10. On October 27, 2017, the Office of the Special Counsel caused an indictment against Mr. Manafort to be returned. The indictment does not charge any links between Mr. Manafort and the Russian government. Instead, the Special Counsel has constructed an indictment that, at its essence, concerns failing to file certain informational reports of offshore bank accounts and failing to register as a foreign agent. None of the charges relate to Mr. Manafort’s activities during his brief stint in 2016 as the campaign manager for the Trump presidential campaign.

11. The actions of DOJ and Mr. Rosenstein in issuing the Appointment Order, and Mr. Mueller’s actions pursuant to the authority the Order granted him, were arbitrary, capricious, and not in accordance with the law under 5 U.S.C. § 706. By this action, Mr. Manafort asks this Court to hold those actions ultra vires and set them aside….

The Complaint addressed ancillary authority a special counsel has, and argues that it does not include becoming a roving prosecutor:

25. Those carefully crafted jurisdictional limitations serve critical values. They ensure that the scope of an investigation is limited to specific matters identified in advance by a politically accountable official—the Attorney General. They ensure that any additional matters beyond that are specifically approved by a politically accountable official—the Attorney General. Those limitations prevent the special counsel from becoming an unaccountable roving commission, with virtually unlimited resources, that can delve into citizens’ lives in search of criminality unrelated to the specific matters the special counsel was appointed to address.

That “roving” prosecutor concept is fundamental to our legal system. As I pointed out before, we don’t find the man first, then look for a crime. But that appears to be what is happening, Mueller found the man (Trump), now he’ll find the crime.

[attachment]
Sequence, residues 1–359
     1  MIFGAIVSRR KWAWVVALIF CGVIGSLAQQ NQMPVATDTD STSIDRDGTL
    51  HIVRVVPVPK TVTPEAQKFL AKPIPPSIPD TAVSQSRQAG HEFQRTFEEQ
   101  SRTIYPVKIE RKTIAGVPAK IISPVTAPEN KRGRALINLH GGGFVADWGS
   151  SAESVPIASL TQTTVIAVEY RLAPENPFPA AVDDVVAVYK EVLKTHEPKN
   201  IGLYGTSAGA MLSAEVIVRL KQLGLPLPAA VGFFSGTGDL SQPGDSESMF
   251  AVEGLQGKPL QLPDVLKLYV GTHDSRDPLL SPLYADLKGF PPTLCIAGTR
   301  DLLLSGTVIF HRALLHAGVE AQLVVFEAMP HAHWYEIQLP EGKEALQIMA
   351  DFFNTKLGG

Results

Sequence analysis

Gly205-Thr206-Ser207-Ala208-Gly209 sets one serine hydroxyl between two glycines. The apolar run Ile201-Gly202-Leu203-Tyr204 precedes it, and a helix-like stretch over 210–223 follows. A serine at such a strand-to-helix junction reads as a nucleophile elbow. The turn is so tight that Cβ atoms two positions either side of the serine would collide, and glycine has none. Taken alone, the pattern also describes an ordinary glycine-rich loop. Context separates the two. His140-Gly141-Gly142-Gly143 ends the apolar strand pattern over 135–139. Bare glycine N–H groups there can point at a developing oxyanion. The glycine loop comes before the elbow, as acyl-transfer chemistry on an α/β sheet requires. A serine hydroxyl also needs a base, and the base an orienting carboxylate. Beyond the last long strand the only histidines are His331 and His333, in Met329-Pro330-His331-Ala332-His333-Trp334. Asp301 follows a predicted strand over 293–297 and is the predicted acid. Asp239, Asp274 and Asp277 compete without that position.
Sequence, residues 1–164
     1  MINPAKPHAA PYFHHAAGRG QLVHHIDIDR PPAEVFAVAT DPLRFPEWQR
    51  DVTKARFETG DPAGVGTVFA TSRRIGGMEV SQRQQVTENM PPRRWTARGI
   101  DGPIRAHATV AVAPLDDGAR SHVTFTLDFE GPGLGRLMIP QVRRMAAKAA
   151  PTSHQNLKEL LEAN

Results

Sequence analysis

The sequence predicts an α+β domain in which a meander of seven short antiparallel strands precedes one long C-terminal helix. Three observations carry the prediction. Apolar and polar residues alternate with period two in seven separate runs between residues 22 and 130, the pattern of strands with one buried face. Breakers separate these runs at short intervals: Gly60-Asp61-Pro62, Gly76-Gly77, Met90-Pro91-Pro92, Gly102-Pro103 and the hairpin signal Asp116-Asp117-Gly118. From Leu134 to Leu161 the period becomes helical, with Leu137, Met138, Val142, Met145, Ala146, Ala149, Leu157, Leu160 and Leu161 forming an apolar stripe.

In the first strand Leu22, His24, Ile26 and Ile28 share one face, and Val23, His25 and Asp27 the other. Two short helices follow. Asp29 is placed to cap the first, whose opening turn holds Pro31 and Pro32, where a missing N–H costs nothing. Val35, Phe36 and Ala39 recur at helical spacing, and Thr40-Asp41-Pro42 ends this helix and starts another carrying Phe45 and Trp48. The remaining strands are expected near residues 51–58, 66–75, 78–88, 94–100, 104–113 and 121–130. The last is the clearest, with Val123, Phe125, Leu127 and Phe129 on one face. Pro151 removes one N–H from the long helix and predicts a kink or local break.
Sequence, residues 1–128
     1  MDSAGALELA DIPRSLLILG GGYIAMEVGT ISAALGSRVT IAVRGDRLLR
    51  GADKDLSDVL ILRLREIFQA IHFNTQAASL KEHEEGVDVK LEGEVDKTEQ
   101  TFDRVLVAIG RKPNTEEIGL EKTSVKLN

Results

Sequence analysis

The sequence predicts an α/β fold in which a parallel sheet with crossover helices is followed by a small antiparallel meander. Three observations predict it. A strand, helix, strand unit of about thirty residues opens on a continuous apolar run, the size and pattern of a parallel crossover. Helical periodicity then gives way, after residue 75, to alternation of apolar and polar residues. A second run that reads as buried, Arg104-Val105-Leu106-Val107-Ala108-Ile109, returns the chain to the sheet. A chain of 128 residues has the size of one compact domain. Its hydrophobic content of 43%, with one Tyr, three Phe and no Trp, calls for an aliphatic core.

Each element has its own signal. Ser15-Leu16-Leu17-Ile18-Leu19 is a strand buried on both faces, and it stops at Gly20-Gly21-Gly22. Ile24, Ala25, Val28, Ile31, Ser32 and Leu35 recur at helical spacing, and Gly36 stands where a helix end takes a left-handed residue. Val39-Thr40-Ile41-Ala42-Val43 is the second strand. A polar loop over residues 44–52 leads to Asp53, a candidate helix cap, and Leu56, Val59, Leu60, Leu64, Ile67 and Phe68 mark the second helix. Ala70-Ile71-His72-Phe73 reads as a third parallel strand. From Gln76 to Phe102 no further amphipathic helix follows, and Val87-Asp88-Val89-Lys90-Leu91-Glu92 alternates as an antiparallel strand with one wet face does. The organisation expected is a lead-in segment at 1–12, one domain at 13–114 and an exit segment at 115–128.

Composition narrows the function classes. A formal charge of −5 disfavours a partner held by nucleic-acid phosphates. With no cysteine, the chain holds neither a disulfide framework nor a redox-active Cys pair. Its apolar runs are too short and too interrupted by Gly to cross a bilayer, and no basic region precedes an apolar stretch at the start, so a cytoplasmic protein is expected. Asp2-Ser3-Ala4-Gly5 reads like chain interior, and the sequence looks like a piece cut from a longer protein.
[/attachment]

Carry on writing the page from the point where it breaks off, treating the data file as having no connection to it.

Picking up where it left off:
The Complaint continues that Rosenstein exceeded his power in purporting to grant Mueller such sweeping powers;

26. This suit arises from an appointment and the exercise of authority in defiance of those jurisdictional limitations. Whether DOJ’s special counsel regulations themselves “create any rights,” 28 C.F.R. § 600.10, they bind DOJ and the officers within DOJ. DOJ and its officials cannot grant a special counsel jurisdiction where DOJ regulations, such as 28 C.F.R. § 600.4, deny DOJ and its officials power to do so. Nor can the special counsel exercise jurisdiction that otherwise binding DOJ regulations prohibit. Those, however, are precisely the circumstances here.

Here’s the relief Mueller seeks:


WHEREFORE, judgment should be entered in favor of Plaintiff and against Defendants,
jointly and severally, and the Court should grant the following relief:

a. an order and judgment setting aside the Appointment Order and declaring it
invalid, arbitrary and capricious, an abuse of discretion, and otherwise not in
accordance with law;

b. an order and judgment declaring ultra vires and setting aside all actions taken
against Mr. Manafort pursuant to the Appointment Order;

c. an order and judgment declaring that Mr. Mueller lacks authority to investigate
business dealings not arising from the original jurisdiction set out in the
Appointment Order;

d. an order and judgment enjoining Mr. Mueller from investigating matters beyond
the scope of the grant of jurisdiction in the Appointment Order; and

e. any other relief as may be just and proper.

So what’s the chance of success of this lawsuit?

I don’t really feel that I’m in a position at the moment to assess that. It’s being dismissed out of hand by people who are interested in having Mueller take down Trump, so we’re going to get a lot of legal quackery from #TheResistance.

If I find some reasonable, credible analyses, I’ll add them.

But whether or not Manafort’s lawsuit succeeds, he has hit upon a fundamental problem of the Mueller investigation. We have a roving prosecutor who has identified the man he wants, Trump, and appears willing to do anything and go anywhere against anyone to advance that agenda.